Anil kumar Sen, J.
1. This Rule was issued suo motu by this Court on perusal of a letter of the nature of a reference dated March 20. 1972 from the learned Judge, Fourth Tribunal. Alipore. It arises out of case No. 1 of 1970 now pending trial by the said Tribunal. The said letter was written .by the learned Judge seeking for appropriate orders or directions from this court under Section 561-A of the Code of Criminal Procedure (hereinafter referred to as the said Code) to meet an unprecedented situation created by the disruptive behaviour adopted by some of the accused on trial,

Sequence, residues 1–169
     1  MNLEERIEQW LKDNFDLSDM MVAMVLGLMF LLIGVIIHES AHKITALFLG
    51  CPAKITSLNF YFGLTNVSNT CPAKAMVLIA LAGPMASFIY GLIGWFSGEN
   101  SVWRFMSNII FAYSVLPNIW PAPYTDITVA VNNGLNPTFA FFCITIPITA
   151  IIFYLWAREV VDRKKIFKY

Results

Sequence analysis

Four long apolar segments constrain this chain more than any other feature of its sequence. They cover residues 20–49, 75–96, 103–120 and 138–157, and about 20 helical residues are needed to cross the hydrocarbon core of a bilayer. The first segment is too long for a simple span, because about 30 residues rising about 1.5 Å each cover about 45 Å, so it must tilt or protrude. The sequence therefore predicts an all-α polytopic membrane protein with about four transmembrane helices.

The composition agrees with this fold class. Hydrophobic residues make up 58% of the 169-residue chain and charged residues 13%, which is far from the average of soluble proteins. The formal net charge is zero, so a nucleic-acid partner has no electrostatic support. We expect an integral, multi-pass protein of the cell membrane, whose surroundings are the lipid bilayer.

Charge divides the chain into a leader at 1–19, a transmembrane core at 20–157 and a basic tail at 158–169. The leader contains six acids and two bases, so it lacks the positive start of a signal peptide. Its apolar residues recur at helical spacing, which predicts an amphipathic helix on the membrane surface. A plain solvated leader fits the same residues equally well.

2. The aforesaid tribunal was constituted by the State Government under Section 3(1) of the Tribunals of Criminal Jurisdiction Act. 1952 (hereinafter referred to as the said Tribunals Act) and the aforesaid case No. 1 of 1970 against Ananta Singh and others was distributed to the said Tribunal for trial under Section 4 (2) of the said Tribunals Act. In the case the prosecution has laid charges under Section 120B, 395, 396 and 397 of the Indian Penal Code and under the Arms Act and the conspiracy involved is of very wide range. It is also not in dispute that the trial is likely to be a protracted one and witnesses more than 400 in number are likely to be examined. On the provisions of the said Tribunals Act procedure to be followed at the trial is that of a warrant case started otherwise than on a police report under Chapter 21 of the Code. The trial started on February 15. 1972 and after two of the accused persons viz. Anil Kumar Dutta and Rupindra Singh Sodhi were granted pardon under Section 5 (2) of the said Tribunals Act, 1952 thirtyfour persons are on trial. Of these thirty-four persons. twenty-four persons having consented to State defence are being defended by Mr. Amitaya Guha, a learned Advocate of this Court. The rest ten persons have refused to avail of the State defence nor are they being defended by any lawyer of their own choice. They have preferred to remain undefended at the trial.